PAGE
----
Dermot Weld's colt went into the race as ante-post favourite for the Epsom Derby, a title that now deservedly belongs to the long-striding O'Brien-trained Australia.


As the only Group One winner in the Matron Stakes, Kevin Prendergast's La Collina helped to maintain some semblance of respectability for the fillies' mile contest by edging out Lily's Angel.

Her gallant 25/1 triumph was her first since that famous 33/1 Phoenix Stakes coup in 2011, and it was her 81-year-old handler's first at the top table since then.

More pertinently, it was a debut Group One for the hugely popular Chris Hayes, who has taken full advantage of the opportunity afforded him by Declan McDonogh's defection to the ultimately thankless Aga Khan gig.

A three-time champion apprentice, Hayes has been a loyal deputy to Prendergast for 10 years so this was a fully deserved breakthrough. When his boss was asked about bridging the gap since his last Group One success, he responded simply: "You can't win the battles if you haven't got the troops."

That's a sentiment that was also to the fore after My Titania's impressive victory under McDonogh.

A daughter of the mighty Sea The Stars, she wore her sire's Christopher Tsui colours with distinction, and it tells you something of the support that prevails for John Oxx right now that the maiden winner received by far the most vocal welcome of the entire day.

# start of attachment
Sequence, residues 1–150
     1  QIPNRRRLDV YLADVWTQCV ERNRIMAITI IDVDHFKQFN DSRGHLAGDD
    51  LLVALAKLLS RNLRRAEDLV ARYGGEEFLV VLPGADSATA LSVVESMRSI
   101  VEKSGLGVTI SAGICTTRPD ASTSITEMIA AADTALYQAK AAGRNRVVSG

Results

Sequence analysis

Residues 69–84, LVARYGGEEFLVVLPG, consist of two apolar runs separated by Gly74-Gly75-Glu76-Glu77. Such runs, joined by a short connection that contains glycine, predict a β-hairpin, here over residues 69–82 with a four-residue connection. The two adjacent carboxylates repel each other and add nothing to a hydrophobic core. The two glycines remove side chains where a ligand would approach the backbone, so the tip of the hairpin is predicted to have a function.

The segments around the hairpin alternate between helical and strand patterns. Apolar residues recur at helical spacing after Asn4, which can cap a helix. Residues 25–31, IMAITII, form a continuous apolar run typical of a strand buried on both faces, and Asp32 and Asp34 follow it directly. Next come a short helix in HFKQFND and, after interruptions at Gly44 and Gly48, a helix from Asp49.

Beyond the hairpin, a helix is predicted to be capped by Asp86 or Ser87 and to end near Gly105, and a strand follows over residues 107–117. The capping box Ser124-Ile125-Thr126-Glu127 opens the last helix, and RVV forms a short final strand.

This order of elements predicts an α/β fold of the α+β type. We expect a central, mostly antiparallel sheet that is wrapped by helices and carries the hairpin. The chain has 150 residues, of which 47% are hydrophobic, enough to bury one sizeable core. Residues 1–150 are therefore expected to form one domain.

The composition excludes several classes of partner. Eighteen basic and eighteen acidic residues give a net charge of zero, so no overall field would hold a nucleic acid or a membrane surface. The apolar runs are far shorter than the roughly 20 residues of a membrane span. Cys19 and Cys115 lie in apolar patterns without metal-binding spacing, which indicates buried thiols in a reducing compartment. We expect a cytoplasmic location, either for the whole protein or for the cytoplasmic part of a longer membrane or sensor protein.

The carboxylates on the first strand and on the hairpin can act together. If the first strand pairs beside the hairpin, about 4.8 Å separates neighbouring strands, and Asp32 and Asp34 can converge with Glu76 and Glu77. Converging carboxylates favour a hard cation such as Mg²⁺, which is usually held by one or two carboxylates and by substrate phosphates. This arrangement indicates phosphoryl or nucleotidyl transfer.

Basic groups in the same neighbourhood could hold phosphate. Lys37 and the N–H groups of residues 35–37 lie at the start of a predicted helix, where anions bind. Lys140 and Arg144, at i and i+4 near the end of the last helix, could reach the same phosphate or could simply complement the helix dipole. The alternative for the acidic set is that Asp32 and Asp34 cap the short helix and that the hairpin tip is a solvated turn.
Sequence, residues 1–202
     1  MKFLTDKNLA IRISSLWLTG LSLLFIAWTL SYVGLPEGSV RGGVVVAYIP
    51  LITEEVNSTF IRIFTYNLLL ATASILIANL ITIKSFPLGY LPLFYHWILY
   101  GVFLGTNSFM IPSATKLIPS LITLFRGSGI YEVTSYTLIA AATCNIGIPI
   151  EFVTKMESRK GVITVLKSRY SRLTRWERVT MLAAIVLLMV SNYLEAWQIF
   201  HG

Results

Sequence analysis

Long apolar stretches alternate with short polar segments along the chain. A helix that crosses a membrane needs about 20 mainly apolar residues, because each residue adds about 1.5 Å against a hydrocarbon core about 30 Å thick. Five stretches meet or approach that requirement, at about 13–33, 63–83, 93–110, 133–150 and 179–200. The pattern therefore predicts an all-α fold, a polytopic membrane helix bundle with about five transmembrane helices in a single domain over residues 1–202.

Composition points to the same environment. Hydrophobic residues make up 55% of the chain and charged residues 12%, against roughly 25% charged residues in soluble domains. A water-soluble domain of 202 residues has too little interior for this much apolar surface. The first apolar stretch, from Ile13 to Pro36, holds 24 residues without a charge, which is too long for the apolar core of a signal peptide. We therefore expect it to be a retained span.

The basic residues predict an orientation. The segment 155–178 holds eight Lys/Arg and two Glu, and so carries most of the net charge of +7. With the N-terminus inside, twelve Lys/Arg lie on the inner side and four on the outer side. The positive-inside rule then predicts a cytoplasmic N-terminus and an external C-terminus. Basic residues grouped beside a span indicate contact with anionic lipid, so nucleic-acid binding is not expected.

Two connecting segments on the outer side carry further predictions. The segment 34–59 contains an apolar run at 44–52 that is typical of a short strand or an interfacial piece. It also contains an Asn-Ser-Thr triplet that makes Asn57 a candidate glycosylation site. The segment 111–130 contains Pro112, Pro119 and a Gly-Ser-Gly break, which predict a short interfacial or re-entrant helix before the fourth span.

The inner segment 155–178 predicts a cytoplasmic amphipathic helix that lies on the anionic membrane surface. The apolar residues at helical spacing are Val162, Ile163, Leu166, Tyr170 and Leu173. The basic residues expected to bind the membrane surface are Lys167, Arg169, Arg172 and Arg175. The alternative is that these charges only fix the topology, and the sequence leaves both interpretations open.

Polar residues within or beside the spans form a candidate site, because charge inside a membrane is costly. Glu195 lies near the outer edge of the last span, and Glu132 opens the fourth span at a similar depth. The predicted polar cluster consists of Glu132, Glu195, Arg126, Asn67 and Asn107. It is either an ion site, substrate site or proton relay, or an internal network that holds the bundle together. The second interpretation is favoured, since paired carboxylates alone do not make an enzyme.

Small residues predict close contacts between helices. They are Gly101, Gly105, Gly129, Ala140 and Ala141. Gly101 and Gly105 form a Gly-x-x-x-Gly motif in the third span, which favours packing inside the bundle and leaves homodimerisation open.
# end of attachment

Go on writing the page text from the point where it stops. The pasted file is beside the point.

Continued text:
Time will tell if My Titania is the horse to carry Oxx back to the big time, but rest assured that the Currabeg wizard's distinctive dignity remains intact despite his current adversity.

"It has been a bad year," he conceded, "but it's only a temporary little difficulty."

Amen to that.


Johnny Murtagh continued his sensational campaign by driving Tom Hogan's Gordon Lord Byron to a resounding triumph over Eddie Lynam's Slade Power in Saturday's Sprint Cup.

Murtagh's fifth Group One of 2013 was his mount's career second, following last year's famous Foret win on Prix de l'Arc de Triomphe day.

The five-year-old revelled in the rain-softened Haydock ground to score by three lengths, bringing his earnings to €755,000, a stunning return on the €2,000 that he cost Morgan Cahalan as a foal.


The Turf Club has added further substance to the notion that it is becoming increasingly diligent by acting swiftly to strip Cork trainer Lawrence Walshe of his licence for two years following an inspection of his premises on August 6.